Love for US turns sour in Liberia's 'Deep South'

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The Independent Online

In Bensonville, the map says Africa but the eyes suggest a distant time and place: antebellum America. Rickety wooden houses with grand verandas dot the roadside. They have seen better days; the stilts are teetering, the shutters are falling off and some porches have caved in. The townspeople speak a heavily accented English with a hint of Southern lilt.

In Bensonville, the map says Africa but the eyes suggest a distant time and place: antebellum America. Rickety wooden houses with grand verandas dot the roadside. They have seen better days; the stilts are teetering, the shutters are falling off and some porches have caved in. The townspeople speak a heavily accented English with a hint of Southern lilt.

On Sundays, they attend the Zion Baptist church, where the pastors gives thundering sermons and the choir bellows hymns such as "Amazing Grace" and "Guide me, O thou Great Jehovah". The man who founded this town was Benson, whose freedom was bought at a Virginia plantation more than 150 years ago. But this is Liberia, half an hour's drive from the capital, Monrovia.

The bond between these worlds, Deep South and dark Africa, is symbolised at a monument on the edge of town: a model ship of the kind that carried 19th-century black Americans from slavery in the States to a home in Africa, and freedom.

The first freed slaves arrived on the Atlantic shore in the 1820s, wearing their finest tailcoats and top hats. Despite local resistance, they pushed through the thick forests and by 1847 founded the state of Liberia. Joseph D Moulson, on a wooden bench outside his house, told of his grandfather, Chersey Christian, who arrived from Richmond, Virginia, "small money and small clothes" said Mr Moulson, with visible pride. He planted potatoes, became a Baptist deacon and started a family.

Those transatlantic roots remained crucially important. "The US is our big brother," Mr Moulson said. But his wife, Sarah - a descendant of Benson Coaker, also of Virginia - said Liberians' love for America was not returned. "First time we looked, America and Liberia were so close," she said angrily. "Now it's become sour."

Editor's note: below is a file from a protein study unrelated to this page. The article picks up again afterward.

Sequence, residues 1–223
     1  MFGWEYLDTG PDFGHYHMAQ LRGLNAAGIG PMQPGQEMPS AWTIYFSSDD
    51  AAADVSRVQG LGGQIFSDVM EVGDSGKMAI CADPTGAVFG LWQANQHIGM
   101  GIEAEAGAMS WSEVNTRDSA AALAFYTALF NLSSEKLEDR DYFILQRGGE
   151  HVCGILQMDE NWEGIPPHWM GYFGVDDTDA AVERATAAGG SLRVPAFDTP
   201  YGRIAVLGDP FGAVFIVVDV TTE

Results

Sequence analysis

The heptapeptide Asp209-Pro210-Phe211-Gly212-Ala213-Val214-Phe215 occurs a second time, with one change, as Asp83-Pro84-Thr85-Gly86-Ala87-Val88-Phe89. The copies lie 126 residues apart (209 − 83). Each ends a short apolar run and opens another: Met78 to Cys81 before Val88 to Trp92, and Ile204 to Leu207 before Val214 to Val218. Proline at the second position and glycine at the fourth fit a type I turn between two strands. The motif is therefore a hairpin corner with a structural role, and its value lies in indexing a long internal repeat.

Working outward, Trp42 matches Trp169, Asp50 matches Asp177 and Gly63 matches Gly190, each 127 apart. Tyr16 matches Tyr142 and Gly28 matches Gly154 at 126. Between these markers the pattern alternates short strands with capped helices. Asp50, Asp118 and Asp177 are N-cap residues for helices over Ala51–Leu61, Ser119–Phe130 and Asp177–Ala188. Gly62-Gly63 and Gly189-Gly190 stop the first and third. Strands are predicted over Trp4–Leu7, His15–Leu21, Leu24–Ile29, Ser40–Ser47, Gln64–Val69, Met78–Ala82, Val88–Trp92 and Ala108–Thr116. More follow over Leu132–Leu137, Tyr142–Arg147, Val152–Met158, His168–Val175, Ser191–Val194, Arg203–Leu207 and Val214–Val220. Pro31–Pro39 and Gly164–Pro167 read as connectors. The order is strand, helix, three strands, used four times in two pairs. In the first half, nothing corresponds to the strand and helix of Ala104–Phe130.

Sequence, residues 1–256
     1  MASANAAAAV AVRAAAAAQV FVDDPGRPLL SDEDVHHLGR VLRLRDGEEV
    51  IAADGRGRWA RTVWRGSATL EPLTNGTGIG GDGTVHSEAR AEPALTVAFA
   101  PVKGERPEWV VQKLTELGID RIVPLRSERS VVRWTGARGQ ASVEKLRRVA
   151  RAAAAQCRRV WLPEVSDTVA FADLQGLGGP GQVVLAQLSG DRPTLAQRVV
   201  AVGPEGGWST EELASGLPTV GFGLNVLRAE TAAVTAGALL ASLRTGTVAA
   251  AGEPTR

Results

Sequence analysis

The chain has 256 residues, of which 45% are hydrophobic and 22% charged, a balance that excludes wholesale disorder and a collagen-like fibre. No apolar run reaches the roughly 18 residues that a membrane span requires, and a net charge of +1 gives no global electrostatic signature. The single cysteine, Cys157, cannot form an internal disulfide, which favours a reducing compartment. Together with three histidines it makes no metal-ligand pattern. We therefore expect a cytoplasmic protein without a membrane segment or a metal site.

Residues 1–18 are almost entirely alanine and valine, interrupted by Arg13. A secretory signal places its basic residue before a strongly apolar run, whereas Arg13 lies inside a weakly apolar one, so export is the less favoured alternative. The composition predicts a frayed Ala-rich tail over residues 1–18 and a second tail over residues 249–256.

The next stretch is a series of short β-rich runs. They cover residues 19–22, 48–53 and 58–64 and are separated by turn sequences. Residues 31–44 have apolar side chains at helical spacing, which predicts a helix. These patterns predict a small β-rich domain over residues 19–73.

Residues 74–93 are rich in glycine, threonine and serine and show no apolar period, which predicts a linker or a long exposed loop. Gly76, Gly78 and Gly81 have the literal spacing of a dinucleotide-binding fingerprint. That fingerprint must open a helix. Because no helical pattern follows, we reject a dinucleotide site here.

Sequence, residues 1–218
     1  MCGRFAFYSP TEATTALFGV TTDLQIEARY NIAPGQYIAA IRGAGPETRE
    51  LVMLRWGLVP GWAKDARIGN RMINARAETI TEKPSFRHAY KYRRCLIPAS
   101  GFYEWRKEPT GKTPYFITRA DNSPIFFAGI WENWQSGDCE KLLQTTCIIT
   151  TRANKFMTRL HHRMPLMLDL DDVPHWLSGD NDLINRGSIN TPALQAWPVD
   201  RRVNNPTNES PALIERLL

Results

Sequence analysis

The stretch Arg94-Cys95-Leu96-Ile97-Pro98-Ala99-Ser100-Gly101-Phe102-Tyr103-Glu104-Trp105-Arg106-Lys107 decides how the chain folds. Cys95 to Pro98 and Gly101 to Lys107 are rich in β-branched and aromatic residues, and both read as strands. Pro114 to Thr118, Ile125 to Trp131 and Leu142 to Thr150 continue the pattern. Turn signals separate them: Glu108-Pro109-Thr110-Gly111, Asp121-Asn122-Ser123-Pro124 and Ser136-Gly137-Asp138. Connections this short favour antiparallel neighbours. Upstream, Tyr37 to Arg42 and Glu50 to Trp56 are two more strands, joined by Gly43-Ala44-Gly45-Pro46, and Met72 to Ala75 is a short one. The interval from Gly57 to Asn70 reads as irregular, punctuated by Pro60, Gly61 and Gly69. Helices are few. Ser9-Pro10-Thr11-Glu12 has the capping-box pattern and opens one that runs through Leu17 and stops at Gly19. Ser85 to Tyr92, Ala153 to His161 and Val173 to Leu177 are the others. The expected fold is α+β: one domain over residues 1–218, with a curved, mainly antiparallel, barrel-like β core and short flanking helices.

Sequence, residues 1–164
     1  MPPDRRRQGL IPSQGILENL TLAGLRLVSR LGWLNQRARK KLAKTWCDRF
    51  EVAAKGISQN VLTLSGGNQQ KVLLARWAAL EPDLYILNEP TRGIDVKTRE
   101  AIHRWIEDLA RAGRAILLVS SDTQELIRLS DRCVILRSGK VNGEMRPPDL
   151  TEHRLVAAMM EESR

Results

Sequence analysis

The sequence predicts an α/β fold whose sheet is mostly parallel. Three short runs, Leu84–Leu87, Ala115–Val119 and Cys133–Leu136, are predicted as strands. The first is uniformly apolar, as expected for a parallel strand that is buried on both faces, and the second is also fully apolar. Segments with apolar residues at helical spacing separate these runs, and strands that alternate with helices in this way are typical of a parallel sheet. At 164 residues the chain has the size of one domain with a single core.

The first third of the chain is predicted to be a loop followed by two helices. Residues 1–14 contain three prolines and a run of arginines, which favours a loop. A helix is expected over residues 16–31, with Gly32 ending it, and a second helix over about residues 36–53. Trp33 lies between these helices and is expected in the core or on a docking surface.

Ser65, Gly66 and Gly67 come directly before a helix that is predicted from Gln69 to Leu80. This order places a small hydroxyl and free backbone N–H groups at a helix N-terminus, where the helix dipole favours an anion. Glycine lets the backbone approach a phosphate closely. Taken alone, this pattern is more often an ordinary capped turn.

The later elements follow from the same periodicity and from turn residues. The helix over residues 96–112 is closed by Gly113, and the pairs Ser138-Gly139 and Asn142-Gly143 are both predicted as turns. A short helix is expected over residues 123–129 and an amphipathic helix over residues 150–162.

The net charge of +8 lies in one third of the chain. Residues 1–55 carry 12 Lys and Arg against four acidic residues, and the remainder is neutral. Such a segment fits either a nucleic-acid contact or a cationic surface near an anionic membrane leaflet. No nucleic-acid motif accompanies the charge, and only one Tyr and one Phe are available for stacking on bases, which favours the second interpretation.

As President George Bush considers whether to send 2,000 US troops to end 14 years of violence, Liberians are praying for his help. After two rebel attacks on Monrovia last month that left 500 dead and almost toppled the besieged President, Charles Taylor, the country is on tenterhooks.

Mr Taylor is supposed to leave, but has not. Rebels are threatening to attack again. And while Mr Bush has promised to be "active" he still has not said whether he will send troops or just money.

Liberia is the closest thing America has to a former colony in Africa. The currency is the dollar, the flag is a star and stripes, and Monrovia is named after the fifth US president, James Monroe. Place names carry other familiar echoes, Providence Island, Maryland County, Virginia, Cheesemanburg. Major roads are referred to as "freeways", even if they are littered with roadblocks manned by drug-smoking militiamen.

Until Liberia plunged into civil war in 1989, the two countries were tied by money and politics as well as history. During the Second World War, Liberia declared war on Germany at America's behest. During the Cold War, inside the sprawling US embassy, CIA agents intercepted global communications. A Voice of America transmitter stood outside town as well as an Omega navigation station that tracked planes, ships and submarines.

But if the freed American slaves forged Liberia, they also bear some responsibility for its slide into war. In a classic case of the abuser perpetuating his own abuse, Americo-Liberians treated native Africans like the slaves they had once been. It became a unique system of black-on-black apartheid. At independence, indigenous Africans were denied citizenship. Those who dared revolt were brutally put down. Some were taken into domestic or commercial slavery. In the 1930s, President Edwin Barclay was found guilty of rounding up slaves for sale to cocoa plantations abroad.

Until a 1980 coup by Samuel Doe, an army sergeant and indigenous African, every Liberian president was an Americo-Liberian. The appointments were vetted by the Freemasons, a secret society.

These days the tensions have eased - Americo-Liberians make up 5 per cent of the population - but Liberians of all backgrounds are united in feeling the US has an obligation to rescue them. "We were there for them in the past," said Catholic Archbishop Michael K Francis. "Now they owe this to us."

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